Getting the class of an object

Consider;


class Dance
def foo
puts “foo is executed”
42
end
end

class Boogy < Dance
def bar
puts (foo.class)
end
end

b = Boogy.new

b.foo # prints “foo is executed” … expected.

b.bar # prints “foo is executed\nFixnum” … not expected!


Let’s focus on the line
puts (foo.class)

So let’s say I’m in the middle of a debugging session trying to debug
the bar method.

I see this thing called “foo” and I want to know what it is.

So I
puts (foo.class)

Since everything in ruby is an object and all objects have classes, I’m
expecting to print out the class of this thing called foo.

What happens, though is that foo gets executed (which is not what I
want) and returns 42 … whose class is Fixnum.

Questions:
How can I tell what class of object foo is without executing it?
Is there a class called “Method” in the Ruby class hierarchy?
What class of object does define_method return?

Ralph S.

Are you talking about sth. like this:

b.method(:foo).owner #=> Dance
b.method(:bar).owner #=> Boogy

?

On Tue, Mar 6, 2012 at 11:34 AM, Ralph S. [email protected]
wrote:

b.bar # prints “foo is executed\nFixnum” … not expected!

Questions:
How can I tell what class of object foo is without executing it?
Is there a class called “Method” in the Ruby class hierarchy?
What class of object does define_method return?

Ralph S.


Best wishes,
Jie Fan

Life is a miracle.

Re[2]: Getting the class of an object.

ToMaTo,


The convention on this list is to bottom post.


Tuesday, March 6, 2012, 10:10:45 AM, you wrote:



Are you talking about sth. like this:


b.method(:foo).owner #=> Dance

b.method(:bar).owner #=> Boogy


?



On Tue, Mar 6, 2012 at 11:34 AM, Ralph S. <[email protected]> wrote:


Consider;


- - -


class Dance

   def foo

       puts "foo is executed"

       42

   end

end


class Boogy < Dance

   def bar

       puts (foo.class)

   end

end


b = Boogy.new


b.foo # prints "foo is executed" ... expected.


b.bar # prints "foo is executed\nFixnum" ... not expected!


- - -


Let's focus on the line

 puts (foo.class)


So let's say I'm in the middle of a debugging session trying to debug the bar method.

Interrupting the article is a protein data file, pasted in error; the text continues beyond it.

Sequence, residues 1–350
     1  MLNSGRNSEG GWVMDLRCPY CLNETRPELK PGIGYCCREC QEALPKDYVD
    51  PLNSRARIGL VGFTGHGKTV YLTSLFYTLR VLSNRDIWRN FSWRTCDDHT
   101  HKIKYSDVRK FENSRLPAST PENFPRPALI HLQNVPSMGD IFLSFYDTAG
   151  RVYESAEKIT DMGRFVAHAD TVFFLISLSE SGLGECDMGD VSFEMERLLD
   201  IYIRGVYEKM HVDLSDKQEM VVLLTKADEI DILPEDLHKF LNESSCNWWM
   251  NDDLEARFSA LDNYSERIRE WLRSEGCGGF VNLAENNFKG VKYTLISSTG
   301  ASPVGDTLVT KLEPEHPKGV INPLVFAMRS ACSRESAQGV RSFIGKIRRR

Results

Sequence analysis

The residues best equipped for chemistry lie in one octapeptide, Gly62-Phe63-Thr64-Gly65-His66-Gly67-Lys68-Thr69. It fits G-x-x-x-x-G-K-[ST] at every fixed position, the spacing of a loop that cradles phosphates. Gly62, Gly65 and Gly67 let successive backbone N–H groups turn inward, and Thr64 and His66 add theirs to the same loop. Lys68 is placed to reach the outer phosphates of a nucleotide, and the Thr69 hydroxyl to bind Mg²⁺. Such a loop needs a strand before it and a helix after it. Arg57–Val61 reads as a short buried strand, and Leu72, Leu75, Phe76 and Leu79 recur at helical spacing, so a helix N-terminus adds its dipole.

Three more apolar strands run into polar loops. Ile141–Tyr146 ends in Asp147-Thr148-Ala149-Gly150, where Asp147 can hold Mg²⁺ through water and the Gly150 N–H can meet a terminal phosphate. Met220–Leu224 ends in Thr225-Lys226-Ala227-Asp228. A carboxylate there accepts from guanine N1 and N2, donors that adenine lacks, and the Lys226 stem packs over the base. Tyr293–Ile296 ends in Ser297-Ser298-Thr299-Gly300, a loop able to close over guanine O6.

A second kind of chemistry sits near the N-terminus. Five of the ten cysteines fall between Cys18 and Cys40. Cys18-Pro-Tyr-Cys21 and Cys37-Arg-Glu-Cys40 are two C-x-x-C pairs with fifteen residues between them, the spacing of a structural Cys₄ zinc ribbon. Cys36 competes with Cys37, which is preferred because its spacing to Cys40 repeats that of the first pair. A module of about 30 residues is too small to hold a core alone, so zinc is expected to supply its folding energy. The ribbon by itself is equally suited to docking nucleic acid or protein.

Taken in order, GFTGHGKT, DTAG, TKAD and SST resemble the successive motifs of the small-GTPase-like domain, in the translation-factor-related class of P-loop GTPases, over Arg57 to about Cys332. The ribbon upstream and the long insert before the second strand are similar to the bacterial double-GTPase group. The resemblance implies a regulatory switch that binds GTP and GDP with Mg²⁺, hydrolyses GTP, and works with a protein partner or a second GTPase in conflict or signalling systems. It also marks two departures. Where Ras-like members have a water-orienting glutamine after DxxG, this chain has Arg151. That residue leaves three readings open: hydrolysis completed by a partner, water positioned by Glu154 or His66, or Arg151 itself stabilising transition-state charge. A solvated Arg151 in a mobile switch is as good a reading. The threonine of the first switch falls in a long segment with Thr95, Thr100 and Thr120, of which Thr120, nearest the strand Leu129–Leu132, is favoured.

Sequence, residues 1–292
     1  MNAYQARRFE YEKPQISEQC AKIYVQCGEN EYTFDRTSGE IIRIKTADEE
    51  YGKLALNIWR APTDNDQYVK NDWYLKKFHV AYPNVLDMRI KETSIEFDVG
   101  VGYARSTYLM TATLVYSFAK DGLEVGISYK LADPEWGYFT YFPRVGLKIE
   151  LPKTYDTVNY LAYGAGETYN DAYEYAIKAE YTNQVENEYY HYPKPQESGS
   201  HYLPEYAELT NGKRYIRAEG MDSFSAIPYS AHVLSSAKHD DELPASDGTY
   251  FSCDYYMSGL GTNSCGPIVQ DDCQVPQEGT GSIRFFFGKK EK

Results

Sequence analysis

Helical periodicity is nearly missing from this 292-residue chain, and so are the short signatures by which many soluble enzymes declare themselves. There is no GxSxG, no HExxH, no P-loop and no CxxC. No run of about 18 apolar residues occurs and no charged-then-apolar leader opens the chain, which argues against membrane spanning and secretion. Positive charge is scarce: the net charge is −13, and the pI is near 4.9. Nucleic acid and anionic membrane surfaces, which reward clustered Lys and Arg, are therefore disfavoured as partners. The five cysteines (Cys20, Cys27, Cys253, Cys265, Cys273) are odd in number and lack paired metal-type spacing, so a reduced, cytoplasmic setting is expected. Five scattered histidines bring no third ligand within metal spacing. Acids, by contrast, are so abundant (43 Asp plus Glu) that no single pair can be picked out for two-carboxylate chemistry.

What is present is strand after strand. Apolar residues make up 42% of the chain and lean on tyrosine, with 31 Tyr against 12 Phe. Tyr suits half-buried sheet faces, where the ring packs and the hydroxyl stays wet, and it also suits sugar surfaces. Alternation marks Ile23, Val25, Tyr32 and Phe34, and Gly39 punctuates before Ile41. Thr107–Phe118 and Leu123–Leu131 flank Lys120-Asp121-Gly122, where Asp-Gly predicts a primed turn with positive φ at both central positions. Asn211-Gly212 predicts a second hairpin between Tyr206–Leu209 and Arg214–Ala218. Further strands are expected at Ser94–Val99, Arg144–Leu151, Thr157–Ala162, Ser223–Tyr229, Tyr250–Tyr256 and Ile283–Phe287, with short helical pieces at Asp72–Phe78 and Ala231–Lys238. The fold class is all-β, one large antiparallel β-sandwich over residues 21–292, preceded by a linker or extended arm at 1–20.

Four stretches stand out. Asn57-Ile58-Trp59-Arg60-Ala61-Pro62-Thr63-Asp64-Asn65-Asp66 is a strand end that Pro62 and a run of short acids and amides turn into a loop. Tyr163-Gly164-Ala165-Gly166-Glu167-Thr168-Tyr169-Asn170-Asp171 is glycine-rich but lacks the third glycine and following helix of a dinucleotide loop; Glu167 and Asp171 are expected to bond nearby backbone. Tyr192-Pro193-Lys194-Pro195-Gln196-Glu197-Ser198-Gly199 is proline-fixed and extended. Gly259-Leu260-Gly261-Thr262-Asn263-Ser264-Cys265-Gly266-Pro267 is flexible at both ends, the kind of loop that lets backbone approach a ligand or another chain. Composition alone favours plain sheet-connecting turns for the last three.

I see this thing called "foo" and I want to know what it is.


So I

 puts (foo.class)


Since everything in ruby is an object and all objects have classes, I'm expecting to print out the class of this thing called foo.


What happens, though is that foo gets executed (which is not what I want) and returns 42 ... whose class is Fixnum.



Questions:

How can I tell what class of object foo is without executing it?

Is there a class called "Method" in the Ruby class hierarchy?

What class of object does define_method return?



Ralph S.







-- 


Best wishes,

Jie Fan

 

Life is a miracle.




TG>

TG> Are you talking about sth. like this:

TG>

TG> b.method(:foo).owner #=> Dance

TG> b.method(:bar).owner #=> Boogy

TG>

TG> ?




No.


Let's say I am examining the source code and I see "foo".  I don't know what it is.  Is it a method?  Is it a local variable?  Is it a proc passed in as something on the parameter list?  Is it a binding?


How can I find out what foo is without actually executing foo?

On Tue, Mar 6, 2012 at 5:34 PM, Ralph S. [email protected] wrote:

b.bar # prints “foo is executed\nFixnum” … not expected!
So I
puts (foo.class)

Since everything in ruby is an object and all objects have classes, I’m
expecting to print out the class of this thing called foo.

You do not want the class but rather the kind of “foo”. “local
variable” is not a class. You can do

irb(main):032:0> class Bogey < Dance
irb(main):033:1> def bar
irb(main):034:2> a=0
irb(main):035:2> printf “foo -> %p\n”, defined?(foo)
irb(main):036:2> printf “a -> %p\n”, defined?(a)
irb(main):037:2> printf “none -> %p\n”, defined?(none)
irb(main):038:2> end
irb(main):039:1> end
=> nil
irb(main):040:0> Bogey.new.bar
foo -> “method”
a -> “local-variable”
none -> nil
=> nil

What happens, though is that foo gets executed (which is not what I want) and
returns 42 … whose class is Fixnum.

Questions:
How can I tell what class of object foo is without executing it?

if you see “foo=” it’s a local variable, if not it’s a method or does
not exist. If your method is so long that you cannot find anything
any more you need to refactor. :slight_smile: